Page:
Guest Road Report: Canoeing in Maine
Smithsonian Affiliations thanks guest author Tim Grove, Chief of Museum Learning at the National Air and Space Museum for this post, and for his support of Affiliates!
I recently had an incredible visit to the Abbe Museum in Bar Harbor, Maine’s only Smithsonian Affiliate. I’ve been going on vacation to Mount Desert Island for a number of years and had been encouraging my friend, Cinnamon Catlin-Leguko, President and CEO of the Abbe, to consider the Affiliates program. The Abbe’s collection and mission focuses on the Wabanaki nations and the affiliations program seemed a good fit.
On my visit to the Abbe last year, I was happy to see the new Smithsonian Affiliate flag flying out front. I was also intrigued to watch master canoe builder David Moses Bridges (Passamaquoddy) building a 14’ traditional birchbark canoe in the Wabanaki style. It was thought to be the first time in one hundred years that a traditional native canoe had been constructed on the island. Museum visitors could observe the process and learn about the skills involved. (Click here to see images of building the canoe.) After 200 hours of gathering and processing materials and 500 hours of building time, the work of art was completed. The Abbe staff officially launched the canoe last September and it became part of the museum’s teaching collection. In a new educational program, students could learn about traditional native craftsmanship and ingenuity.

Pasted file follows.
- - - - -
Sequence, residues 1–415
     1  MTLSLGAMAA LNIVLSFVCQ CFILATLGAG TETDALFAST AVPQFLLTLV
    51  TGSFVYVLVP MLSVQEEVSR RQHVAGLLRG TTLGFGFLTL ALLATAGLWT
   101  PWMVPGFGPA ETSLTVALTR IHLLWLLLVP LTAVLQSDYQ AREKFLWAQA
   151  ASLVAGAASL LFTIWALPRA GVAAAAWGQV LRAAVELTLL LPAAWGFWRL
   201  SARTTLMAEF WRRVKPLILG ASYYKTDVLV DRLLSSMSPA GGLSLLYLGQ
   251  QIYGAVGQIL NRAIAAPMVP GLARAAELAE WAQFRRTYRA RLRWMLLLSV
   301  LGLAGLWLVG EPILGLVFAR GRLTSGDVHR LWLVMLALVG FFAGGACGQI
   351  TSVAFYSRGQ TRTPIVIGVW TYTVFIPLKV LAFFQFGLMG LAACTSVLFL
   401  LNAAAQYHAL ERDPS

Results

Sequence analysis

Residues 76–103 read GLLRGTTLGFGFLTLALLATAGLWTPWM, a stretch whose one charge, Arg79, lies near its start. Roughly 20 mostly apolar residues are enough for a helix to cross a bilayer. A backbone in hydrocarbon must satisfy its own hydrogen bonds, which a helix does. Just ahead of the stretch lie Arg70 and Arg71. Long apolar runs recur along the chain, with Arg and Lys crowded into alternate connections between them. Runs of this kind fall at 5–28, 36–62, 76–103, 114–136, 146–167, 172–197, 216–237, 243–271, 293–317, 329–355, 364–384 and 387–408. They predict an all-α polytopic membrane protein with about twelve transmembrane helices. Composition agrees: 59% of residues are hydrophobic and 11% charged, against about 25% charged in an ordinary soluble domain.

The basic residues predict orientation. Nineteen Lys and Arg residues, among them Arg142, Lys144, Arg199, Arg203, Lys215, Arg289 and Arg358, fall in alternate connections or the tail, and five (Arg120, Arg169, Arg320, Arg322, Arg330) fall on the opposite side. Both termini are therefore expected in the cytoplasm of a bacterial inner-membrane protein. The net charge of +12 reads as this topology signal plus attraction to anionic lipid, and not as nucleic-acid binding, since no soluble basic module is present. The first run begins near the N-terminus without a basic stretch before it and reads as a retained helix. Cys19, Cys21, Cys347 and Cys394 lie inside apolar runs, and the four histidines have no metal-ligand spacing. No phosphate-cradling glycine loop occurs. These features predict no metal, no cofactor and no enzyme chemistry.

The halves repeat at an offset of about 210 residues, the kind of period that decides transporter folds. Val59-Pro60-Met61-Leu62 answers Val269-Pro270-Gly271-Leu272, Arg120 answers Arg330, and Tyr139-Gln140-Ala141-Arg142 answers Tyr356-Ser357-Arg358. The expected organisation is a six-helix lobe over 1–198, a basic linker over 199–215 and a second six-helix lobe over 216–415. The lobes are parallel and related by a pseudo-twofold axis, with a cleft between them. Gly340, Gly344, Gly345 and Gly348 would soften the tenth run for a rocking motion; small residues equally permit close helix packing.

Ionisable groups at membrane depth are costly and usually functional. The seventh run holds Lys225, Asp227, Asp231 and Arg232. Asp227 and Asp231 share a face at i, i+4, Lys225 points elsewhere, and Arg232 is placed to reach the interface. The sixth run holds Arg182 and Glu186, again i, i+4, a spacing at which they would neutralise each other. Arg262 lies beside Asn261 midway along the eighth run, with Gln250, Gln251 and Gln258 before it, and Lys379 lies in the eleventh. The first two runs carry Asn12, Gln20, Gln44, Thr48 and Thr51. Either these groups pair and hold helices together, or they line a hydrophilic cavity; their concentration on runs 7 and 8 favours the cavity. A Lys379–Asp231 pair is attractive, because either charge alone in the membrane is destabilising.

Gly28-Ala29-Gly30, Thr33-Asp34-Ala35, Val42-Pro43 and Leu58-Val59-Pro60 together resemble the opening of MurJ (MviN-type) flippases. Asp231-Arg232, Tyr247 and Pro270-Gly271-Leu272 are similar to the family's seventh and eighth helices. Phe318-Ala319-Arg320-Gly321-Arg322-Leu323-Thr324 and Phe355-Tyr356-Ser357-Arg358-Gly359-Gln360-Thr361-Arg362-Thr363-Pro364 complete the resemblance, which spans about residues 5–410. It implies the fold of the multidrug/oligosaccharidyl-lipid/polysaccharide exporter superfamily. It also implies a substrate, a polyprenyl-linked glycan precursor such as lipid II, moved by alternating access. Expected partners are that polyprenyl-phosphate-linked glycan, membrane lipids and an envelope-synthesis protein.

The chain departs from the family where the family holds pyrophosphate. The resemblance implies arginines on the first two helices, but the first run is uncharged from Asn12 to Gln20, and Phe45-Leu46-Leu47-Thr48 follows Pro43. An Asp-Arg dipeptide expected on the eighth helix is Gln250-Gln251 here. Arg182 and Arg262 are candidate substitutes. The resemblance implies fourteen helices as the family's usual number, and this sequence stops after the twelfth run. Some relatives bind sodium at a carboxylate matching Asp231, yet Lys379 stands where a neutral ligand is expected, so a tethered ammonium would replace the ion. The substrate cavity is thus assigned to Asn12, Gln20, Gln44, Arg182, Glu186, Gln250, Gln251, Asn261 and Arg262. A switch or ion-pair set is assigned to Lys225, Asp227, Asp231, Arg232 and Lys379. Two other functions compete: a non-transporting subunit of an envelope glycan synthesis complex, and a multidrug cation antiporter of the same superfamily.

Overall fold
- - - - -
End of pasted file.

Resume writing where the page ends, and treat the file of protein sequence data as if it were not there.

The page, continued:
This year on my return to the island, Cinnamon invited me to talk about my new book, A Grizzly in the Mail and Other Adventures in American History. It’s an eclectic look at some of the projects I’ve worked on during a career at some of America’s most popular history museums, including three Smithsonian museums. I used to manage the National Museum of American History’s Hands On History Room and am an experiential learner. The book is filled with examples of my hands-on adventures.
So, guess what I really wanted to do? Go for a paddle! Abbe educator George Neptune and his cousin, canoe builder David Bridges, graciously agreed to facilitate my wish. The canoe had never been on the ocean before. They brought the canoe to a dock on Somes Sound (“Pihcicihciqipisipiqe” in the Passamaquoddy language!) a long sliver of ocean slicing the island almost in two. The canoe only weighs 52 lbs. out of the water, but in the water is designed to carry 700-800 lbs of supplies. First David and I took it for a ride and then David let me go solo.
As I glided through the water I marveled at the ease of travel, while trying to stay low and maintain balance. I wasn’t used to sitting on my knees to paddle. The gray sky and placid water were perfect conditions for this new hands-on history opportunity.
I shared some of my history stories a few nights later at the museum. I talked about my experiences on the Lewis and Clark trail with native teachers, of the challenges of telling Shoshone Indian Sacagawea’s story, and of the incredible insight that tribal advisors offered about pipe ceremonies and other native customs. I shared my favorite story about the corn mill and the Mandans and cultural misinterpretation. And, Cinnamon interviewed me about working at a national museum. The audience asked fascinating questions and once again, I realized how much fun I’ve had on my history adventures.
Affiliates, if you would like to bring Tim to your museum to talk about his book and hands-on history experiences, please contact your National Outreach Manager.